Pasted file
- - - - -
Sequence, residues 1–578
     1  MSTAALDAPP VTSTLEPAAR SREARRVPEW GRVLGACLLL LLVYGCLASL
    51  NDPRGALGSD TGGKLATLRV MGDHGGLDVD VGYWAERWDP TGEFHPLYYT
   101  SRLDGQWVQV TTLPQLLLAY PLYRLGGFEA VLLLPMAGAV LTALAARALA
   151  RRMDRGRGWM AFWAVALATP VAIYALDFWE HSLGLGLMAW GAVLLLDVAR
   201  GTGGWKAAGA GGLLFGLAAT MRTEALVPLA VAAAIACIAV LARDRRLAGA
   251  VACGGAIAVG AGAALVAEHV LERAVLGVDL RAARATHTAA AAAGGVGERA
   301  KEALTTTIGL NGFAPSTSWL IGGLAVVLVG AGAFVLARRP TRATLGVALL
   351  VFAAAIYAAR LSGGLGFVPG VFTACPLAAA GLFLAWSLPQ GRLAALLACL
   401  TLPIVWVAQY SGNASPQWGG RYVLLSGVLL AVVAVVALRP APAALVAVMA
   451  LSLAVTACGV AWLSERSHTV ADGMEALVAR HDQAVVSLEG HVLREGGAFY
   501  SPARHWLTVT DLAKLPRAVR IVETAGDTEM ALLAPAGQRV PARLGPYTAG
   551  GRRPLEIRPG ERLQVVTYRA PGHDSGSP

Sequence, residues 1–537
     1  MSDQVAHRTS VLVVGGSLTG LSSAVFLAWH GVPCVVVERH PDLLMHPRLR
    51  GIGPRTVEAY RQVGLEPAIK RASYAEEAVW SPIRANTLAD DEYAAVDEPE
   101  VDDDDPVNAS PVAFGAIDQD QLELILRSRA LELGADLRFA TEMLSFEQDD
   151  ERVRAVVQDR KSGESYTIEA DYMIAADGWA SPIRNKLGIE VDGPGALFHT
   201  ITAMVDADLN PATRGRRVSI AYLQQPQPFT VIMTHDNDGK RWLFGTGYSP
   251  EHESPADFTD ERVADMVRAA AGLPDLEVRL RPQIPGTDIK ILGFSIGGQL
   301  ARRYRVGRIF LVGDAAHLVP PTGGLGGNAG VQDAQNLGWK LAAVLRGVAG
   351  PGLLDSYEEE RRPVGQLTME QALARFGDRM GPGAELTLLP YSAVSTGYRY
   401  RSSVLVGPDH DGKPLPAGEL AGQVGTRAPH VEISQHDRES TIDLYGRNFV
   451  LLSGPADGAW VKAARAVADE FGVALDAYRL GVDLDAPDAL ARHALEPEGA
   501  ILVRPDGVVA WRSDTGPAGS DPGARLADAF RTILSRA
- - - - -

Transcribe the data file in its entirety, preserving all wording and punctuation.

Sequence, residues 1–578
     1  MSTAALDAPP VTSTLEPAAR SREARRVPEW GRVLGACLLL LLVYGCLASL
    51  NDPRGALGSD TGGKLATLRV MGDHGGLDVD VGYWAERWDP TGEFHPLYYT
   101  SRLDGQWVQV TTLPQLLLAY PLYRLGGFEA VLLLPMAGAV LTALAARALA
   151  RRMDRGRGWM AFWAVALATP VAIYALDFWE HSLGLGLMAW GAVLLLDVAR
   201  GTGGWKAAGA GGLLFGLAAT MRTEALVPLA VAAAIACIAV LARDRRLAGA
   251  VACGGAIAVG AGAALVAEHV LERAVLGVDL RAARATHTAA AAAGGVGERA
   301  KEALTTTIGL NGFAPSTSWL IGGLAVVLVG AGAFVLARRP TRATLGVALL
   351  VFAAAIYAAR LSGGLGFVPG VFTACPLAAA GLFLAWSLPQ GRLAALLACL
   401  TLPIVWVAQY SGNASPQWGG RYVLLSGVLL AVVAVVALRP APAALVAVMA
   451  LSLAVTACGV AWLSERSHTV ADGMEALVAR HDQAVVSLEG HVLREGGAFY
   501  SPARHWLTVT DLAKLPRAVR IVETAGDTEM ALLAPAGQRV PARLGPYTAG
   551  GRRPLEIRPG ERLQVVTYRA PGHDSGSP

Sequence, residues 1–537
     1  MSDQVAHRTS VLVVGGSLTG LSSAVFLAWH GVPCVVVERH PDLLMHPRLR
    51  GIGPRTVEAY RQVGLEPAIK RASYAEEAVW SPIRANTLAD DEYAAVDEPE
   101  VDDDDPVNAS PVAFGAIDQD QLELILRSRA LELGADLRFA TEMLSFEQDD
   151  ERVRAVVQDR KSGESYTIEA DYMIAADGWA SPIRNKLGIE VDGPGALFHT
   201  ITAMVDADLN PATRGRRVSI AYLQQPQPFT VIMTHDNDGK RWLFGTGYSP
   251  EHESPADFTD ERVADMVRAA AGLPDLEVRL RPQIPGTDIK ILGFSIGGQL
   301  ARRYRVGRIF LVGDAAHLVP PTGGLGGNAG VQDAQNLGWK LAAVLRGVAG
   351  PGLLDSYEEE RRPVGQLTME QALARFGDRM GPGAELTLLP YSAVSTGYRY
   401  RSSVLVGPDH DGKPLPAGEL AGQVGTRAPH VEISQHDRES TIDLYGRNFV
   451  LLSGPADGAW VKAARAVADE FGVALDAYRL GVDLDAPDAL ARHALEPEGA
   501  ILVRPDGVVA WRSDTGPAGS DPGARLADAF RTILSRA